9. A composition as claimed in claim 5 wherein said unsaturated carboxylic acid is present in a quantity of 20 to 95 equivalent-% based on total carboxylic acid.
10. A composition as claimed in claim 5 wherein said unsaturated carboxylic acid is present in a quantity of 40 to 80 equivalent-% based on total carboxylic acid.
11. A composition as claimed in claim 1 wherein said unsaturated epoxyester resin is prepared by an esterification reaction of a total of less than 1.0 equivalent of carboxyl groups with 1.0 equivalent of epoxy groups to form a reaction mixture, the esterification reaction being continued until the acid value of the reaction mixture has fallen below 3.0.
12. A polymerizable curable composition, comprising: (A) 100 parts by weight of an unsaturated epoxyester resin with an acid value below 3.0, (B) 10 to 40 parts by weight of a polymerizable monomer selected from the group consisting of phenoxyethyl acrylate, 2-acroyloxyethyl-2-hydroxypropyl phthalate and mixtures thereof and (C) 1 to 5 parts by weight of a mixture of hydroxyketone oligomer and 2-hydroxy-2-methyl-1-phenylpropan-1-one wherein said unsaturated epoxyester resin is derived from an epoxy compound selected from the group consisting of reaction products of epichlorohydrin with one or more of bisphenol A, glycols, carboxylic acids, phenol/formaldehyde condensates and oxidation products of unsaturated compounds.
13. A composition as claimed in claim 1 wherein said polymerizable monomer performs the function of reducing the viscosity of the epoxyester and the resin composition.
14. A composition as claimed in claim 1 wherein said polymerizable monomer is a mixture of at least one of said monomers with one or more than one monomer selected from the group consisting of styrene, vinyl toluene, divinyl benzene, methyl methacrylate, methacrylonitrile, diallyl phthalate and 2-ethylhexyl acrylate.
15. A composition as claimed in claim 1 wherein the amount by weight of polymerizable monomer is 15-20 parts per 100 parts by of unsaturated epoxyester resin.
16. A composition as claimed in claim 1 further comprising a filler selected from the group consisting of silica flour, titanium dioxide and polystyrene microbeads.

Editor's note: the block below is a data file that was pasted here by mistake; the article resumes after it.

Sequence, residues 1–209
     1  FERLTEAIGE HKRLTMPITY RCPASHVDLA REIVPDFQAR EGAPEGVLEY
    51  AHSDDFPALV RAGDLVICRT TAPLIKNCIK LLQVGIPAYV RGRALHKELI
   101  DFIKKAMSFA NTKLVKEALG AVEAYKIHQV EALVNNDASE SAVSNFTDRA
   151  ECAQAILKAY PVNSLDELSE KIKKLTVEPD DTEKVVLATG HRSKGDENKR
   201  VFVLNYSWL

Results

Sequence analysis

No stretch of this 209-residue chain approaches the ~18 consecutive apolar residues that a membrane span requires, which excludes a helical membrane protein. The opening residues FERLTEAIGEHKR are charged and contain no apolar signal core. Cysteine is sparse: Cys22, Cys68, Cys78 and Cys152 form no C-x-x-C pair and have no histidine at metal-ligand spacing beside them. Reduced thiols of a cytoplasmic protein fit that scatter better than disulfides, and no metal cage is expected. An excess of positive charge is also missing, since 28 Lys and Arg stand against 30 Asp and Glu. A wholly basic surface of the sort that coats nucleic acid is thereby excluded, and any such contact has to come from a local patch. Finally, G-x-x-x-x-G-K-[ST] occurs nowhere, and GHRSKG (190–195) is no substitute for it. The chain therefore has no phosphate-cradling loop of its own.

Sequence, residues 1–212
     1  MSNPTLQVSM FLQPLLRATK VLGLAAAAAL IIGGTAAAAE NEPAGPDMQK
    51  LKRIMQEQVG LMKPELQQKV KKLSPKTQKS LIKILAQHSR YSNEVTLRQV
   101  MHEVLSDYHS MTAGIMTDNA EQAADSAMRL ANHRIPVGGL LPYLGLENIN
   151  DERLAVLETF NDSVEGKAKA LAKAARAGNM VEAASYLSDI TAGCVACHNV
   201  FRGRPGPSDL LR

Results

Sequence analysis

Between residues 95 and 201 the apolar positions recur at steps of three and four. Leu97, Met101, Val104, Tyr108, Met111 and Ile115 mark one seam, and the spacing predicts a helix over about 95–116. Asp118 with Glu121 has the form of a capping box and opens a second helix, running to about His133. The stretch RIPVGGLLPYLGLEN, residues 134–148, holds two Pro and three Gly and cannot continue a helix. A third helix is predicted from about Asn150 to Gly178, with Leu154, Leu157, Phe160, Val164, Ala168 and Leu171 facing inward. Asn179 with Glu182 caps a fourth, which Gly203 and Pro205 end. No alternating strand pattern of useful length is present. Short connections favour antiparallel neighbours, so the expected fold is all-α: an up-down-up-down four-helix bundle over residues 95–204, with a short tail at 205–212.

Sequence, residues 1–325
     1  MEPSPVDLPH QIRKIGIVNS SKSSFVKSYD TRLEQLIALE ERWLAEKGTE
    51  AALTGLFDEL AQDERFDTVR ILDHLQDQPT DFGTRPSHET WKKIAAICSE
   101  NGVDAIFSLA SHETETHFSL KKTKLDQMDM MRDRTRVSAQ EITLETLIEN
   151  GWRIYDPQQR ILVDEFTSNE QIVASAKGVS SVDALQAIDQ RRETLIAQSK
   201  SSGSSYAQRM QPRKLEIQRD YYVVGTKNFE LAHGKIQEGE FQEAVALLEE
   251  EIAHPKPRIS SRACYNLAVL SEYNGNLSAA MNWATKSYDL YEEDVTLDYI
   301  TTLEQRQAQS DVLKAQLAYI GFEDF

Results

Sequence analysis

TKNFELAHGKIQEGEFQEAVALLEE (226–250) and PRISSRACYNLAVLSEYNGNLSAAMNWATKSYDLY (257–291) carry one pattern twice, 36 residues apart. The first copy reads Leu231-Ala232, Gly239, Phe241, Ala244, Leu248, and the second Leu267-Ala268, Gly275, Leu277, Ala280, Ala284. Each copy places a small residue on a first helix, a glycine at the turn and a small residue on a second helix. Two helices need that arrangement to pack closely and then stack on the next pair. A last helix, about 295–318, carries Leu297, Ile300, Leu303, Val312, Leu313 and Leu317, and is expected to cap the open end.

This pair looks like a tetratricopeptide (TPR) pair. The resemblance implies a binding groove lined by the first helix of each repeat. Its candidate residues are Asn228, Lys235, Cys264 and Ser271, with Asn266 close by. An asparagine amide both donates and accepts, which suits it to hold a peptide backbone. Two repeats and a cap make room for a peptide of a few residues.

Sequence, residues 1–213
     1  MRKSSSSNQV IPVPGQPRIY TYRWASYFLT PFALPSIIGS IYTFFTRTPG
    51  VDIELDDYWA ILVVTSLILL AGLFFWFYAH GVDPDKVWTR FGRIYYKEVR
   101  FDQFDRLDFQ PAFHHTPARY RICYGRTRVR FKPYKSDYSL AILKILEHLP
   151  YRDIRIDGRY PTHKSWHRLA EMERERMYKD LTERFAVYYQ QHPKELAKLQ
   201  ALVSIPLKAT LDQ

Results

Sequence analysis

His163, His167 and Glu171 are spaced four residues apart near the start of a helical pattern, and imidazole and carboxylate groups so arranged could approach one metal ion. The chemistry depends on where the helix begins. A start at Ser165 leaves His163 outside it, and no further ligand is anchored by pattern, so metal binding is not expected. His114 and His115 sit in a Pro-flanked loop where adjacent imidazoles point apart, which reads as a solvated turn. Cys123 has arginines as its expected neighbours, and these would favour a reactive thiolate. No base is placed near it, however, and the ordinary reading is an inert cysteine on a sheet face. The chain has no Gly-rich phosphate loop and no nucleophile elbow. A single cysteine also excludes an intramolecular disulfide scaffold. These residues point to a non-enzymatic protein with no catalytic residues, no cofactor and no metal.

17. A composition as claimed in claim 1 further comprising polystyrene microbeads in amount effective to reduce the shrinkage of a cured resin formed from said composition, without affecting its curing properties.
18. A composition as claimed in claim 17 wherein said polystyrene microbeads consist of microbeads having a diameter 0.2 to 0.5 mm which contains a volatile liquid that foams on heating under pressure.
19. A composition as claimed in claim 1 further comprising polystyrene microbeads in a quantity of 1 to 3 parts by weight, based on 100 parts by weight of unsaturated epoxy ester resin.
20. A composition as claimed in claim 1 wherein said hydroxyketone oligomer is the oligomer of 2-hydroxy-2-methyl-1-[4-(1-methylvinyl)-phenyl]-propanone.
21. A composition as claimed in claim 1 wherein said mixture of hydroxyketone oligomer and 2-hydroxy-2-methyl-1-phenylpropan-1-one has a weight ratio of hydroxyketone oligomer to 2-hydroxy-2-methyl-1-phenylpropan-1-one of 7:3.
22. A composition as claimed in claim 21 wherein said hydroxyketone oligomer is the oligomer of 2-hydroxy-2-methyl-1-[4-(1-methylvinyl)-phenyl]-propanone.
23. A composition as claimed in claim 1 wherein the quantity of mixture of hydroxyketone oligomer and 2-hydroxy-2-methyl-1-phenylpropan-1-one is from 2.0 to 3.5 parts by weight, based on 100 parts by weight of unsaturated epoxy ester composition.
24. A composition as claimed in claim 1 further comprising a photosensitizer.
25. A composition as claimed in claim 24 wherein said photosensitizer is selected from the group consisting of benzophenone and tertiary amines.